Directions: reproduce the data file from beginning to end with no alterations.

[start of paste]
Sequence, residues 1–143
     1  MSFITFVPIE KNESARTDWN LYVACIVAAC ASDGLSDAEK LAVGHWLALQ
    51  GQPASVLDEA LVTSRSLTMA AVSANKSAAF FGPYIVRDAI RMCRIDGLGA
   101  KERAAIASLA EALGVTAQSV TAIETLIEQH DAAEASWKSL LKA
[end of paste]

Sequence, residues 1–143
     1  MSFITFVPIE KNESARTDWN LYVACIVAAC ASDGLSDAEK LAVGHWLALQ
    51  GQPASVLDEA LVTSRSLTMA AVSANKSAAF FGPYIVRDAI RMCRIDGLGA
   101  KERAAIASLA EALGVTAQSV TAIETLIEQH DAAEASWKSL LKA